I'm too exhausted after spending the day at Intel's Day in the Cloud Event at its Jones Farm and Hawthorn Farm facilities to make much sense of what I saw and learned and to organize all the images and notes I took. You will have to settle for a summary and my promise to post the videos and photos I took and to provide more detailed information down the road.

Actually the day was so fast-paced, that I'm sure I didn't get everyone's name and title or the proper spellings of those names I did get. It's not often I'll admit to that. I'll have to wait for Intel to send the presentations to me so that I can confirm my notes I am going to report that Intel and its many partners opened my eyes as to the potential of the cloud. Rather than being barriers to cloud adoption, data security and availability seem to be reasons that companies of all sorts will eventually move to the cloud. In fact, it is possible too see a world where most computing takes place in a cloud, with users at all levels accessing data and applications as needed, even when the files are shared or different levels of access are granted different users.

It seems that companies like Intel, VMWare, Parallels, Dell, Citrix, Hytrust, EMC2, Oxygen Cloud, and others have invested significant time solving the cloud's shortcomings in ways that plug holes that have plagued data centers and data center operators almost from the beginning.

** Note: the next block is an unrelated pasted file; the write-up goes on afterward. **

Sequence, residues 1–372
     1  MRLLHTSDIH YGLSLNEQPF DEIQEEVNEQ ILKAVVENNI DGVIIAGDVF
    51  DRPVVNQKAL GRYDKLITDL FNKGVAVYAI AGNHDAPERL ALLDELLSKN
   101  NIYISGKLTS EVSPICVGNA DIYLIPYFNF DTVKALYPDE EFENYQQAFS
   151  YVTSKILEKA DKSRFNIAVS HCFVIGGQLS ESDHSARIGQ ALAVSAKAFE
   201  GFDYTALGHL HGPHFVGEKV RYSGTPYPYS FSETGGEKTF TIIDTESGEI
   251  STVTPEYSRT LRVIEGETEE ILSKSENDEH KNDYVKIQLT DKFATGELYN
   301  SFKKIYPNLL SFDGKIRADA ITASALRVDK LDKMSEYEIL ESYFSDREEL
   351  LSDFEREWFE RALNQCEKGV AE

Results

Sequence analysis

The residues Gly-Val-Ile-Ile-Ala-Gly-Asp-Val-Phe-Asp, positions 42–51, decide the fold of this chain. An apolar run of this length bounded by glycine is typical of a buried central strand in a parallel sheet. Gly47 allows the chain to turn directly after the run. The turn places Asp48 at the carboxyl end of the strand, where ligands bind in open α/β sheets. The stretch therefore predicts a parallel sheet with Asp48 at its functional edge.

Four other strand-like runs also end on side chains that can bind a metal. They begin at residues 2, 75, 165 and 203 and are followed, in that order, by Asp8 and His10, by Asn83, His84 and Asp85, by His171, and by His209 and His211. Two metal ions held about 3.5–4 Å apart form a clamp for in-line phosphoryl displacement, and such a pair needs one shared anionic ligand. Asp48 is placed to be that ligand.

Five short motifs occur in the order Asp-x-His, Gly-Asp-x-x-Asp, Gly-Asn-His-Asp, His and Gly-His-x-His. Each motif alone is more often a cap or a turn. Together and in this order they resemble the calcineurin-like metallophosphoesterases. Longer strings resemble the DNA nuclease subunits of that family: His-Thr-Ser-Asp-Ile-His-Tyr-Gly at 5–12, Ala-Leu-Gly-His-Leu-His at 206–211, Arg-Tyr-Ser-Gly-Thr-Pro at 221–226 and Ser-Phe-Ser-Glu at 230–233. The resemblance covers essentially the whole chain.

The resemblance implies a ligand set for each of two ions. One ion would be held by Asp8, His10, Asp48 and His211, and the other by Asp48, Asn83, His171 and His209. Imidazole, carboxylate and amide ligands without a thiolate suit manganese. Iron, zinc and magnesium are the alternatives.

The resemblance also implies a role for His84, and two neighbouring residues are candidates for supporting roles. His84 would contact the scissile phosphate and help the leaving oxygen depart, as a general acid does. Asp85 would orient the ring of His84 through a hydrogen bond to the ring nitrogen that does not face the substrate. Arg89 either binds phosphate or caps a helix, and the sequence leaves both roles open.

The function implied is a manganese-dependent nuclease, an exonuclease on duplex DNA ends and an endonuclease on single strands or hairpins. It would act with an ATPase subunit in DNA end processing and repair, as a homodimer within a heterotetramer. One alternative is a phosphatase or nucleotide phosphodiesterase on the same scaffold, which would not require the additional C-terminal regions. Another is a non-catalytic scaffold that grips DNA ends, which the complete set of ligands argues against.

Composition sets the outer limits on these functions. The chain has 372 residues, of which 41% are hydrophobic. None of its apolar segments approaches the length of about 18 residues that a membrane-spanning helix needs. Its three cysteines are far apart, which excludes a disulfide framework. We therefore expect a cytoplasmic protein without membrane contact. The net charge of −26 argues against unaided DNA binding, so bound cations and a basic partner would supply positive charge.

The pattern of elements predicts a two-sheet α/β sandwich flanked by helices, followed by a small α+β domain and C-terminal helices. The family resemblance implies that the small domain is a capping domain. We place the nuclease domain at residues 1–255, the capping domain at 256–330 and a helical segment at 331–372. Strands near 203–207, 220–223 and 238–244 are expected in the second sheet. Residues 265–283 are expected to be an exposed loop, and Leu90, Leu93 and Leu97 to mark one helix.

Intel talks about a system architecture that encompasses not only the servers, switches, and storage devices found in data centers but also the peripherals from which people more and more often access applications and data. These peripherals include laptops, tablets, and phones, of course, but eventually include POS devices, ATMs, and even BAS, as long as it utilizes a browser.

Naturally, of course, the technology will enable the data center servers to recognize the capabilities of the remote device, the security and bandwidth of the network it is operating on, and even the state of its battery as a preliminary step towards providing an optimized user experience. Why provide high-def video to a low-def unit when faster downloads would make for a better user experience?

In short, these cloud advocates believe they are on the road to providing optimized user experiences in a way that improves security, meets regulatory requirements, reduces energy use on both ends of the transaction, and lowers TCO for both private and public cloud consumers.

These implications for how we compute and the cost of computing, obviously, are huge. So, too, will be the implications for how data centers are designed, how they run, for the SLAs that they will provide.

I hope to explore some of these issues in future blog posts and to share more of my experiences at Intel in upcoming blog entries.